The Ten Commandments of Wading

Kevin Mayer practising his spey casting :: The LOONS Flyfishing Club

 1.  The faster the river is flowing, the lower the depth level you can wade

This means wading only mid-thigh in swift water. One can wade deeper than that in some slower stretches of the river, but stick to shallow stretches when on a raging river.

2.  Keep your strides short

Panic leads to larger strides which can result in getting ‘stuck’ in the current with your feet about a yard apart. This makes balance difficult. Besides, when you try to take a step, the current assaults the one leg on which you are standing and raises the odds that you will end up making a splash.

3.  Make sure you have the right soles

Felt soles, though controversial, are still the best, especially in fast-moving rivers with smooth-rock bottoms. They are controversial because for years, it was thought that fly fishers who didn’t fully dry out their soles and then fished in a different stream contributed to the spread of invasive species.

If you take the time to wash your felt soles and to let them dry before going to another river, you eliminate almost any chance of spreading an invasive species. Metal studs work well too – either as an alternative to or (better) in addition to felt soles.

4.  Use a wading staff

Some simply use whatever stout branches could be found along the river’s edge. It makes good sense to purchase a wading staff… Orvis and Simms make good wading staffs. The Orvis can be assembled in much less time.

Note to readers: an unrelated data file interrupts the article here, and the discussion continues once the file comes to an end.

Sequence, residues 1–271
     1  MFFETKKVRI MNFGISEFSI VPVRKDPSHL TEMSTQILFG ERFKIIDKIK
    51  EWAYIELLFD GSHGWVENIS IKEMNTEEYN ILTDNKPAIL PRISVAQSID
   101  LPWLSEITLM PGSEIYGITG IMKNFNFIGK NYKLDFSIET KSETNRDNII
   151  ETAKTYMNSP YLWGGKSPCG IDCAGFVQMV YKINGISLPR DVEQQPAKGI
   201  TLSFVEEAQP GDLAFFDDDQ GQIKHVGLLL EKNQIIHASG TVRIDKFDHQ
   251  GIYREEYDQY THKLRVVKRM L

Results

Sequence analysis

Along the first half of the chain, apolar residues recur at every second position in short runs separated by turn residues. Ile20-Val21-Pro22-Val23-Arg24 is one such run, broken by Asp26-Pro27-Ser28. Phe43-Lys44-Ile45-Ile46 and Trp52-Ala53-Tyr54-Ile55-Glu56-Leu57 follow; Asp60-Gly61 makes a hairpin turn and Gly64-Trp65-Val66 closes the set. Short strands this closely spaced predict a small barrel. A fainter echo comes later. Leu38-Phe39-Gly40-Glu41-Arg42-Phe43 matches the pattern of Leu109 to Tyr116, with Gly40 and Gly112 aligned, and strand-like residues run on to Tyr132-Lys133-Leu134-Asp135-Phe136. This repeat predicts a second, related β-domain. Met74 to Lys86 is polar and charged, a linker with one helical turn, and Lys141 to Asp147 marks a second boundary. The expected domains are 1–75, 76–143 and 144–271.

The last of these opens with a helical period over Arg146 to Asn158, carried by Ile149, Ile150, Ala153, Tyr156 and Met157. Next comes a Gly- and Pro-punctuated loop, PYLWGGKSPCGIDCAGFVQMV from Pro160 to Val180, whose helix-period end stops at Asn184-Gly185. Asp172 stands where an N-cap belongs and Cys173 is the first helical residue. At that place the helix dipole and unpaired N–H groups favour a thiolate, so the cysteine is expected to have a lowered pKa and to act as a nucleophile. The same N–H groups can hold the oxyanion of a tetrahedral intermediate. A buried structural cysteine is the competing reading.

5.  Angle downstream when crossing a river

This enables you to work with the current, not against it. The current will actually push you along. Remember command #2 and take short strides.

6.  Don’t try to turn around in fast current

This is where a lot of anglers get into trouble. Either use a sidestep or back up carefully. Remember to take short strides and to angle downstream as you back up towards the bank.

7.  Wear a wading belt with chest waders

Seat belts save lives… so do wading belts. They keep your chest waders from filling up with water if you slip and take an unexpected bath. If you forget your wading belt, forget about wading for the day!

8.  If you fall in, don’t try to stand up too quickly

And keep your feet down river. Stay in a sitting position and wait until you reach knee deep water before you try to stand up.

9.  Let your fly rod go

If you need to use your hands to stroke to shore, give it up… better to lose your fly rod than your life. You might even recover your fly rod downstream. If not, you now have an excuse to buy the latest and best fly rod you’ve been drooling over in your local fly shop.

10. Don’t wade fish alone

It’s not worth the risk. At least avoid certain rivers or stretches or runs.

If you’ve rolled your eyes at any of the ten commandments of wading, let us remind you how shocked your body will be by the cold temperatures of the big freestone rivers in the West. Let us remind you, too, that one slip can lead to a broken arm or (worse) a head injury that can limit or incapacitate you. So when you break these commandments, you put yourself at risk. Keeping them will protect your life.

Wade safely, friend. Wade safely.

The LOONS Flyfishing Club

The LOONS Flyfishing Club